Trucks wait in line as shipping containers stand in a terminal at the Yangshan Deep Water Port in Shanghai, China, on Friday, March 23, 2018. The trade conflict between China and the U.S. escalated, with Beijing announcing its first retaliation against metals levies hours after President Donald Trump outlined fresh tariffs on $50 billion of Chinese imports and pledged there’s more on the way. Photographer: Qilai Shen/Bloomberg

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The U.S. says it’s prepared for trade talks to take longer, America’s economy slowed last quarter and Brexit continues to dumbfound. Here are some of the things people in markets are talking about.

Trade Talks May Be Extended 

The Trump administration is prepared to keep negotiating with China for weeks or even months to reach a trade deal that will ensure the world’s second-largest economy improves market access and intellectual-property policies for U.S. companies, White House economic adviser Larry Kudlow said in a speech in Washington on Thursday. U.S. Trade Representative Robert Lighthizer and Treasury Secretary Steven Mnuchin met with Chinese negotiators in Beijing for a working dinner on Thursday and they’ll participate in a full day of talks on Friday. The discussions will continue next week when China’s trade czar, Vice Premier Liu He, will travel to Washington to meet with U.S. negotiators as well as President Donald Trump, according to Kudlow.

May Gambles on Last-Ditch Vote 

Theresa May is making a desperate push to get her Brexit deal approved in Parliament to avoid a huge delay to Britain’s divorce from the EU, even though she’s facing what seem to be impossible odds. British members of Parliament, who have twice rejected May’s deal, will be asked to approve the Withdrawal Agreement in a vote Friday, House Leader Andrea Leadsom said. But the British prime minister has so far failed to win over enough of her allies to support the deal. If May can’t get her deal through Friday, the EU says Britain will have to choose between leaving with no deal on April 12 and a long delay that would require it to take part in European Parliament elections. Here’s how the arithmetic’s looking for May’s deal — and for other possible solutions.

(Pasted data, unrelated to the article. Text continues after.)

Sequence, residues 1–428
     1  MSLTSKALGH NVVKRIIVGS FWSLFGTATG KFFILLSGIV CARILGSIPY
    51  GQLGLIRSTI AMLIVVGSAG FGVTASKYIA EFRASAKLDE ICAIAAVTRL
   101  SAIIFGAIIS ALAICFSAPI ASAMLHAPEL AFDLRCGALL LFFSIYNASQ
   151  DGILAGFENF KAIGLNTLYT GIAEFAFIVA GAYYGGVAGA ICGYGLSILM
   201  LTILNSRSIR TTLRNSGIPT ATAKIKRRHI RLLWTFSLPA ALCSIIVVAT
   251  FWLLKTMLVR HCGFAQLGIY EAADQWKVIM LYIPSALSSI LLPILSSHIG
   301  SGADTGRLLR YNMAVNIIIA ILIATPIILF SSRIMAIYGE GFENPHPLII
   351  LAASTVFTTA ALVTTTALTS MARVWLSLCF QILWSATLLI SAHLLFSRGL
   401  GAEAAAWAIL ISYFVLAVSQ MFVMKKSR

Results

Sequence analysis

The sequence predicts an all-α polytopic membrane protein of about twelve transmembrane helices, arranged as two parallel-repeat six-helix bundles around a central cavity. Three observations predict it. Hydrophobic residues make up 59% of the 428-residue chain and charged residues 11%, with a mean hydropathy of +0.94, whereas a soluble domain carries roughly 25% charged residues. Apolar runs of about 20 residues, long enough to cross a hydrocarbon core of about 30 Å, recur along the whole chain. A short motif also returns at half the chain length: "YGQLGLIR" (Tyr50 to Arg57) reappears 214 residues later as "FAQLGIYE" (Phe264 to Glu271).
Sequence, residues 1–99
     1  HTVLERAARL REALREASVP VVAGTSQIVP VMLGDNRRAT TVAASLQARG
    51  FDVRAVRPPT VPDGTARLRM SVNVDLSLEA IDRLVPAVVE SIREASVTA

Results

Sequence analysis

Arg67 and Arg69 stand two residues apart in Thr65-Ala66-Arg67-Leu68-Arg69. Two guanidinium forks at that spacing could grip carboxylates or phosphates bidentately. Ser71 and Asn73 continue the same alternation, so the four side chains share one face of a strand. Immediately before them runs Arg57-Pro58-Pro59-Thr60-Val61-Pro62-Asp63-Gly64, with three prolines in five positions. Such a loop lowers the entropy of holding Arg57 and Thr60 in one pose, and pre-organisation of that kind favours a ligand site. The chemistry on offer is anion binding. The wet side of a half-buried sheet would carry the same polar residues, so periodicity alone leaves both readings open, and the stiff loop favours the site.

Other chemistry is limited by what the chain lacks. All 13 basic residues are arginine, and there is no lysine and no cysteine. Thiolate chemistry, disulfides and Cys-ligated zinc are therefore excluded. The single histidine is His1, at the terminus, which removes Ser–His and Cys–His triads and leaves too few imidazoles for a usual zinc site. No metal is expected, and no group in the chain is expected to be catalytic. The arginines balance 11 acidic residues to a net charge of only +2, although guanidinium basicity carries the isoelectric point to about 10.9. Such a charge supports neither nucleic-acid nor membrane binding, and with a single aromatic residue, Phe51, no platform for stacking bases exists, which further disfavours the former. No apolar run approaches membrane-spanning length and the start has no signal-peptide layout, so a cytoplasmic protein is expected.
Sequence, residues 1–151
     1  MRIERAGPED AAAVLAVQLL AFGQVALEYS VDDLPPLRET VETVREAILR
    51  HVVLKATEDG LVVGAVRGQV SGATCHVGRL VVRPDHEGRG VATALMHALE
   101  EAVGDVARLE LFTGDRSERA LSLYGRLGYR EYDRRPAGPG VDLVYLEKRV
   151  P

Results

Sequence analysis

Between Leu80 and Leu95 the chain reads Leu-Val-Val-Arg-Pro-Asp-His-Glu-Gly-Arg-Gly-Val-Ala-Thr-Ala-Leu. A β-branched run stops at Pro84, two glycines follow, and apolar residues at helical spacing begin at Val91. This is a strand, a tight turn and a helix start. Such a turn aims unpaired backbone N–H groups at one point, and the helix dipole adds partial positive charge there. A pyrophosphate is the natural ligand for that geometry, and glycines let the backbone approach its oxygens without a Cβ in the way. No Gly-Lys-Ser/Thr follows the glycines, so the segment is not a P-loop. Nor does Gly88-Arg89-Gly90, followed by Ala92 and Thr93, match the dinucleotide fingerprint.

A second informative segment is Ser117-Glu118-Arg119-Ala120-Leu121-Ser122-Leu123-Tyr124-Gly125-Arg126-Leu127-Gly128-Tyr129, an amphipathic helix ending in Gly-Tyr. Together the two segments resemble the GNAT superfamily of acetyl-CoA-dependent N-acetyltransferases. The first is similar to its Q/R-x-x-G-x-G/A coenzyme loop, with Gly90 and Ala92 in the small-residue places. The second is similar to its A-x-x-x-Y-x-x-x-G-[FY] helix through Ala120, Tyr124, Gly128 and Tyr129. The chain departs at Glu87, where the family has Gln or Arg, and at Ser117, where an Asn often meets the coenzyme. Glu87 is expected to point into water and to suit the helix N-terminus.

U.S. Growth Cools 

U.S. economic growth cooled by more than initially reported in the last quarter of 2018, signaling mounting challenges to expansion. Gross domestic product grew at a 2.2 percent annualized rate, Commerce Department data showed Thursday, less than the initial 2.6 percent reading and projections for a revision of 2.3 percent. Consumer spending, the biggest part of the economy, grew at a downwardly revised 2.5 percent pace that also missed projections. The current stretch of growth is poised to become the nation’s longest on record at midyear, but the downward revision indicates that the economy had weaker momentum heading into 2019, when various indicators in housing and manufacturing have been showing signs of cooling.

Stocks Rise, Dollar Climbs 

Asian stocks looked set to edge higher at the open in the wake of gains in the U.S. The S&P 500 Index remained on track for its best quarter since 2009, with commodity and financial shares leading the advance on Thursday. The gauge briefly fell after White House economic adviser Larry Kudlow said the Trump administration is prepared to keep negotiating with Beijing for weeks or even months. Treasury 10-year yields rebounded from a 15-month low, while the greenback extended its advance into a third day. The pound slid as the U.K. government will put to a vote the Brexit withdrawal agreement only on Friday.

China’s $13 Trillion Debt Market Goes Global

From next week, China’s domestic bond market will see some of its securities included in benchmark global indexes for the first time. And global investors in the $13 trillion market will be a powerful new ally for China’s central bank chief, who spoke recently about the limits to support in his nation for financial liberalization. Foreign investors are already making demands, including readily available hedging tools, more transparent and faster registration procedures and — less loudly, given the sensitivity — assurance they’ll be able to take their money out when they like. Their voices are set to become more important as their share of the domestic market climbs from little more than 2 percent today.

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